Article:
COLUMBUS, Ga. (WRBL) – A Columbus man accused of the 2021 murder of his ex-girlfriend’s boyfriend appeared in court for a pretrial hearing in Superior Court, which took an interesting turn, with the prosecution making a rare request to Judge Bobby Peters regarding the defendant’s attorney behavior.

Assistant District Attorney Donald Kelly asked Judge Bobby Peters to put attorney William Kendrick on notice about his courtroom actions.

Kendrick is representing Quincy Wade in the 2021 shooting of Maurice Vaughn Jackson. That murder trail is scheduled to begin in front of Peters on Monday.

Here’s what Kelly told the judge during Wednesday’s pretrial hearing.

“Mr. Kendrick has a little bit of a tendency to get worked up and to say things out loud at times while we request to use the state is questioning a witness on direct,” Kelly said. “And that’s really not permissible. There’s also been things sort of like mouthing words to jurors while the state has a witness on direct. There are other things like that. And that’s all we want to address.”

Kelly declined to comment further after the hearing. Kelly’s motion to court came just two days after Kendrick helped secure a not-guilty verdict for Tyshaun Sylvester in another murder case.

Following the prosecution’s request, an interesting exchange between, Kelly, Kendrick, and Judge Peters.

Kedrick: Judge. All right. Is the next motion for them to bound and gag me at the table?”

Peters: “Do you want him bound and gagged?”

Kelly: “No.”

Peters finally told both attorneys that objections will be allowed if any, on a case-by-case basis.

The prosecution further claims that Kendrick’s actions cause disruption in legal court proceedings, distract jurors, and are argumentative.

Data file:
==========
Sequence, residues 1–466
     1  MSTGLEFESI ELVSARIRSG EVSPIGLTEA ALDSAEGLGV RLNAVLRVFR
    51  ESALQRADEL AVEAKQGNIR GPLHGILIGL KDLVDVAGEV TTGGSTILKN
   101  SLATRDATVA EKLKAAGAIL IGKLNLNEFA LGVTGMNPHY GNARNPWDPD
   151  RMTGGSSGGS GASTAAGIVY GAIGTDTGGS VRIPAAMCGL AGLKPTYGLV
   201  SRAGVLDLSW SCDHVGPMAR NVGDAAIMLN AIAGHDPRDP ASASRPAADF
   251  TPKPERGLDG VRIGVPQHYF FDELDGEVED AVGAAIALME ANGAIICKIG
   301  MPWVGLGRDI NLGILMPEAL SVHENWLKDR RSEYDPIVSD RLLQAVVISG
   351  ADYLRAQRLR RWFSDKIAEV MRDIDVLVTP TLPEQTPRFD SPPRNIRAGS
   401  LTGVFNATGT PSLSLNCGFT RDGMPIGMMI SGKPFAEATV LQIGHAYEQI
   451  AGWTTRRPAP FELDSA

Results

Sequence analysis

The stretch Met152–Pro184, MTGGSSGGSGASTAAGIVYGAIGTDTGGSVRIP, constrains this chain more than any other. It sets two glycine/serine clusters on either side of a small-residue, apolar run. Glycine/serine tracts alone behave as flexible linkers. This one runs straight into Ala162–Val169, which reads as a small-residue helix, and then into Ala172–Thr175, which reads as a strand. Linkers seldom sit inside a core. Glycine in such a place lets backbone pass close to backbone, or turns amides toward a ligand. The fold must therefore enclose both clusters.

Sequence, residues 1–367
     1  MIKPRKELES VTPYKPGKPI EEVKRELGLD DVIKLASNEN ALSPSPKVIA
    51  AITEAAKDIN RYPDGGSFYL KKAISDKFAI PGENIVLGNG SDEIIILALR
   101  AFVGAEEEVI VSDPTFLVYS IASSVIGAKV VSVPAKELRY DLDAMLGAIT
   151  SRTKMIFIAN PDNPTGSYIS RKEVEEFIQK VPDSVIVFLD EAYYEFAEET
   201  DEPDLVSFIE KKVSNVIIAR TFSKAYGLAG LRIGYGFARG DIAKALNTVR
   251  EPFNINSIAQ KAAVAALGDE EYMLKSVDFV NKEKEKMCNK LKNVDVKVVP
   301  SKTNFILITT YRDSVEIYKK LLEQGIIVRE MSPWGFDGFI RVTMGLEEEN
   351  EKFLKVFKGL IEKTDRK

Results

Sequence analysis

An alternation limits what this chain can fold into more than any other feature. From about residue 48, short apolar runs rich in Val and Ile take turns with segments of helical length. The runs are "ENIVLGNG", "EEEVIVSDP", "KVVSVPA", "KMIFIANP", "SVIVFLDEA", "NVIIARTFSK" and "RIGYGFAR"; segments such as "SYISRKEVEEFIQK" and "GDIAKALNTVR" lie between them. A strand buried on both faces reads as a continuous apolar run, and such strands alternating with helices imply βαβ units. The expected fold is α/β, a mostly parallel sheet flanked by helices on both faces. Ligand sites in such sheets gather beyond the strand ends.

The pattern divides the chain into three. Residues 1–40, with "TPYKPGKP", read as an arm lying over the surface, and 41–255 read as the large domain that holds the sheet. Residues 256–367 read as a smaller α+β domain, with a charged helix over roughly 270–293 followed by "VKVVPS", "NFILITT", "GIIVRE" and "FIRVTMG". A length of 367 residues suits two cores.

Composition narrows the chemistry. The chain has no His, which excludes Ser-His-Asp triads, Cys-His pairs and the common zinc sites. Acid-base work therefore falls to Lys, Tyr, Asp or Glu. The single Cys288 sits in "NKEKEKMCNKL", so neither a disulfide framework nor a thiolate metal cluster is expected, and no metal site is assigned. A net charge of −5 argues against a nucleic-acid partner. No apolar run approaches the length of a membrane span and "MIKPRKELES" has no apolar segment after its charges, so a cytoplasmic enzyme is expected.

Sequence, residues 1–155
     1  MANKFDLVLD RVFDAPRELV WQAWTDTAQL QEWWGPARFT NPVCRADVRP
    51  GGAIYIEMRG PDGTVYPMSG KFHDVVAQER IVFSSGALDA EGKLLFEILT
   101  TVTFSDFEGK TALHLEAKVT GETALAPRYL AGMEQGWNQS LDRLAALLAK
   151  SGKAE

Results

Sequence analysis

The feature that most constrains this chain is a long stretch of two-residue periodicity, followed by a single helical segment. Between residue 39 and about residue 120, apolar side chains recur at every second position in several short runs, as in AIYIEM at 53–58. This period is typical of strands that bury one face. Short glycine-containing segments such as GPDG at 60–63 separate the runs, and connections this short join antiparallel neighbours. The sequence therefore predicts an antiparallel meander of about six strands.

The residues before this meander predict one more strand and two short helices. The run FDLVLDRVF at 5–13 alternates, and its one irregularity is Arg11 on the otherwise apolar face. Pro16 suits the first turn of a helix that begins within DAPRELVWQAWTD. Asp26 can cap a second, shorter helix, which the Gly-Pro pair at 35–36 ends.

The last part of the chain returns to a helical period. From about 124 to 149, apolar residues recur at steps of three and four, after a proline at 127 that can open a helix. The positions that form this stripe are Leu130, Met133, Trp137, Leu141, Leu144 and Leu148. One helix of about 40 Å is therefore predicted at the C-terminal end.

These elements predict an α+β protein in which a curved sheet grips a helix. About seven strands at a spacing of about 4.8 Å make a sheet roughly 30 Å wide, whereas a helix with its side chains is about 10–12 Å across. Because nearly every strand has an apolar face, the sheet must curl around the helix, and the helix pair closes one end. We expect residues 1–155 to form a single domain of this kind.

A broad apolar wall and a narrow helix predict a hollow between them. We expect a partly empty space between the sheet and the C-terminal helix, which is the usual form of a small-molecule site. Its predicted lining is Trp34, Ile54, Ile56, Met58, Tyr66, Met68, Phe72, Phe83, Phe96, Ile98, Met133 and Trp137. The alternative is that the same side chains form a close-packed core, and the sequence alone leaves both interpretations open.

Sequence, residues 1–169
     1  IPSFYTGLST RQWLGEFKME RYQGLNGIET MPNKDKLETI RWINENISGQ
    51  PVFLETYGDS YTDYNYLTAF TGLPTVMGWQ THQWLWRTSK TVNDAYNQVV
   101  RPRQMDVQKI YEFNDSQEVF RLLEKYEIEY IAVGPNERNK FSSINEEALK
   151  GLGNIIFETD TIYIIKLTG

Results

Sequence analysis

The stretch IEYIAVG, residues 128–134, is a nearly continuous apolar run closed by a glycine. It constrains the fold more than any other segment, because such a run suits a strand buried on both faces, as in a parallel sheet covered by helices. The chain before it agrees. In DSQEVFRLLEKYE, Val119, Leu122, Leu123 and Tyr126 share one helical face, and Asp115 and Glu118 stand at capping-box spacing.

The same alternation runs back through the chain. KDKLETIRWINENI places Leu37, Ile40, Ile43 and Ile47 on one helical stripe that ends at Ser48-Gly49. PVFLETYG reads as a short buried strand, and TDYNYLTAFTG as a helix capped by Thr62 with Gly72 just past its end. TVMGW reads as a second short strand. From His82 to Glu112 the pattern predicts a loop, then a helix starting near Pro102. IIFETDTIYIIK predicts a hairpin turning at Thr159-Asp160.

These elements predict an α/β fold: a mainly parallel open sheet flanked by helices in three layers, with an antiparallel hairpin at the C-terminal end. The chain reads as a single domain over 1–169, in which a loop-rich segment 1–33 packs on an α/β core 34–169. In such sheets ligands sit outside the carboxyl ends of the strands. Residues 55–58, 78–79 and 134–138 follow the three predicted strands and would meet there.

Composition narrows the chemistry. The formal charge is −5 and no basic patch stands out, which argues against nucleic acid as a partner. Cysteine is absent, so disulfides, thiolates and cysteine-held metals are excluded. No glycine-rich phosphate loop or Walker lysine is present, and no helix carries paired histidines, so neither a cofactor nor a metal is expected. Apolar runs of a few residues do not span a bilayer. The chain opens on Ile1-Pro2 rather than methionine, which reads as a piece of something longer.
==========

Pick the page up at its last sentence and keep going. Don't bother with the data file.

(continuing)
The state urged Peters to prevent Kendrick’s behavior using O.C.G.A. 15-1-3 which states, “Every court has power to preserve and enforce order in the court’s immediate presence and as near thereto as is necessary to prevent interruption, disturbance, or hindrance to its proceedings,” and O.C.G.A. 17-8-75 which states, “Where counsel in the hearing of the jury make statements of prejudicial matters which are not in evidence, it is the duty of the court to interpose and prevent the same.”

The prosecution’s motion used O.C.G.A. 15-19-4 which says that it is the duty of attorneys to exhibit “respect due to courts of justice and judicial officers’,” stating that Kednrick’s actions in previous cases “undermine the integrity of the judicial process.

After the hearing, Kendrick did not seem fazed by the prosecution’s request.

“Now, if that comes from the judge, that’s one thing,” Kendrick said. “If that comes from the jury it’s another thing. But if it comes from opposing counsel, I am sorry, this is a fight.”